Republicans Vow to “Re-Fund the Police” by Seizing Local Control
State grabs power to dictate local public safety budgets
Gov. Greg Abbott has signed into law two bills – Senate Bill 23 and House Bill 1900, the two leading measures this session to target localities that "defund the police" – that not only strike at the ability of cities and counties (and their voters) to manage their own budgets, but also assign new and potentially far-reaching powers directly to the governor's office.
The Senate bill, authored by Sen. Joan Huffman, R-Southside Place, applies to counties with more than 1 million residents – that is, Harris, Dallas, Bexar, Travis, Tarrant, and Collin – and requires them to seek voter approval to reduce the budget of the county law enforcement agencies (i.e., sheriff's departments, constable's offices, etc.). The four largest of those counties are firmly under Democratic control, with the others becoming at least purple, but SB 23 allows any resident who feels law enforcement has been defunded without voter permission to make a complaint that, if sustained, would trigger restrictions to that county's property tax collections.
HB 1900, introduced by Rep. Craig Goldman, R-Benbrook, imposes a range of penalties on large cities (those with a population of more than 250,000) whose leaders reduce police spending compared to prior budgets – a comparison looking back two years, so Austin's already-adopted reductions to its police spending are not immune. "Defunding municipalities" would, until they restored those budgets, be prohibited from raising property tax rates or the rates of their publicly owned utilities (like Austin Energy) and would see some of their sales tax revenues diverted to the Texas Department of Public Safety, ostensibly to pay for its picking up the law-enforcement slack. They would also lose annexation authority, and indeed be required to allow areas acquired within the prior 30 years to vote to disannex themselves.
Both bills grant new powers to the Office of the Governor's Criminal Justice Division, which heretofore has primarily administered grant programs. It's to CJD that aggrieved citizens would, under SB 23, file a complaint; the office would then forward those it deemed valid to the comptroller to calculate the tax restrictions. HB 1900 gives CJD even broader authority; it's entirely up to its director, appointed by Abbott, to determine whether a city is "defunding," which is not really defined in the legislation.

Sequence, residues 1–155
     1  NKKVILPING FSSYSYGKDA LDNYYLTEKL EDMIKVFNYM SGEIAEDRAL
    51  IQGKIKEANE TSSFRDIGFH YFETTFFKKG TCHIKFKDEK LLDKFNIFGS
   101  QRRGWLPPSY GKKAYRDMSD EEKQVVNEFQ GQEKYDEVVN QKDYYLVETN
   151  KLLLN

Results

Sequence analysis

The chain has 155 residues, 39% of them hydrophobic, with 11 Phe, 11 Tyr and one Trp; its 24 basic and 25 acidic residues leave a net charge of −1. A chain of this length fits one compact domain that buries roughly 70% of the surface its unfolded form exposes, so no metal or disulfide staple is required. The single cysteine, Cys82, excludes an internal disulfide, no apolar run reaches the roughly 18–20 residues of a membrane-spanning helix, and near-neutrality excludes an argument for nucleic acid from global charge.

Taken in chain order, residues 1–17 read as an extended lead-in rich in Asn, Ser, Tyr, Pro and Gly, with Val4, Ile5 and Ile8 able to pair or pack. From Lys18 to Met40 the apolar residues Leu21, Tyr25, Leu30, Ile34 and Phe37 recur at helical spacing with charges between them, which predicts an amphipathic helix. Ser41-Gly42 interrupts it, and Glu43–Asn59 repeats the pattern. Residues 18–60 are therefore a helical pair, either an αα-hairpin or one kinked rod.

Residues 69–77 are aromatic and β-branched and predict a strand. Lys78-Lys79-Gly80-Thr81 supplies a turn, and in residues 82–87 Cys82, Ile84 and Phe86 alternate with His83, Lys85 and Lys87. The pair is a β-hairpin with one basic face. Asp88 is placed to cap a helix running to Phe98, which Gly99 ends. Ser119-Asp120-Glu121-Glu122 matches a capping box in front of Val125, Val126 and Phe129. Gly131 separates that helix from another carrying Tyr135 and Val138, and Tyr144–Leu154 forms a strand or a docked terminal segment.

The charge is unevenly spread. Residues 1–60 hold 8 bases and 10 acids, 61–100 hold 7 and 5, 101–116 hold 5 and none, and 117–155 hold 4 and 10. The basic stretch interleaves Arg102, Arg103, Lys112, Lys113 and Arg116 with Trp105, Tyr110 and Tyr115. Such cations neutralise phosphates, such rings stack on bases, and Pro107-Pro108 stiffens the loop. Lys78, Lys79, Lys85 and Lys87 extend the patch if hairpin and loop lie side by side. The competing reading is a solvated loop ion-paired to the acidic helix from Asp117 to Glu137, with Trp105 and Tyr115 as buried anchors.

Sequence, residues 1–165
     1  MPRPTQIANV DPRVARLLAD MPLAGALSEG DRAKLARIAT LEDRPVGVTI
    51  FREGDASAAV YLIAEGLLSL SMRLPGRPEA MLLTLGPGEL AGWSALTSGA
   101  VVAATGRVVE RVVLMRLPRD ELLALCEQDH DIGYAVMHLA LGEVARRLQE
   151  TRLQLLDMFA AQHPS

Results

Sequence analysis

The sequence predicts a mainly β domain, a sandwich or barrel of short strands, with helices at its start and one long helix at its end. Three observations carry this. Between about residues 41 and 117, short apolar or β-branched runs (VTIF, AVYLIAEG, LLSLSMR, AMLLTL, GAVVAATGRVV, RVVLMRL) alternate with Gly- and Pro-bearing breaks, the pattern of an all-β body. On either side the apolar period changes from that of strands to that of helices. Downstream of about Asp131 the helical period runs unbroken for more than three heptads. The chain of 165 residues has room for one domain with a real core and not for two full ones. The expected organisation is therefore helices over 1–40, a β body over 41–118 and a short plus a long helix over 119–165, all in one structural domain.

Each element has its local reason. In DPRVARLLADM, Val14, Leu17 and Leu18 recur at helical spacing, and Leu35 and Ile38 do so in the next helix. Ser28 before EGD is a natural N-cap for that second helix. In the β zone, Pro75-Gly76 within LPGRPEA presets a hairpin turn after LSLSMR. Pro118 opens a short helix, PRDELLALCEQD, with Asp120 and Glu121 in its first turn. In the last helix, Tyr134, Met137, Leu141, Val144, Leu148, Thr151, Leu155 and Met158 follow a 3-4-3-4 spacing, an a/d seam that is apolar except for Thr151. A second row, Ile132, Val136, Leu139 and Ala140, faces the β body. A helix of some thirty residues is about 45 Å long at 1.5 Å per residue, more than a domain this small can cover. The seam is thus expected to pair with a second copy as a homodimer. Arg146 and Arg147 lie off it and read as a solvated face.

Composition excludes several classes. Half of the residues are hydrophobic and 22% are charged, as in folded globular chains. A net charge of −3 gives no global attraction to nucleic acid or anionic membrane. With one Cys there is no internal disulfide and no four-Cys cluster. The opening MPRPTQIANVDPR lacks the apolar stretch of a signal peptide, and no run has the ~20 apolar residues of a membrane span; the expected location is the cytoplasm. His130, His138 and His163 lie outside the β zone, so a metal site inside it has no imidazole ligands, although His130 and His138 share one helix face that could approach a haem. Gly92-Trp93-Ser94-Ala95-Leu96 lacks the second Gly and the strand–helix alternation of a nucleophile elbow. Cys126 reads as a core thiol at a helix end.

It's not clear, for example, how Austin's reclassification of its forensics division, 911 call center, and police administrative functions like human resources and public information, none of which decreased their funding, would be treated. These decouplings could presumably be recoupled with the Austin Police Department if necessary, even though in cases like forensics, both APD leaders and the police union support the changes made. The actual reduction of $21 million in this year's APD budget has already been partially restored, as the department moves forward with delayed police academy cadet classes. (Council has added an item to this week's executive session agenda to discuss HB 1900.)
The state power grab was evident to some Democrats, who tried to amend some of the more egregious portions of the bill (like the population thresholds). "This is tyranny, an overreach of government," Rep. Jarvis Johnson, D-Houston, told his House colleagues during floor debate of the Senate measure. "We have decided to take a couple of buzzwords and catchphrases to [fuel] partisanship and to divide this state and this country." Many questions surrounding the bills – including their constitutionality – will, opponents hope, be settled in court. Until that happens, local leaders have little incentive to increase the budgets of their law enforcement agencies, because doing so could tie a chain to the budget in perpetuity.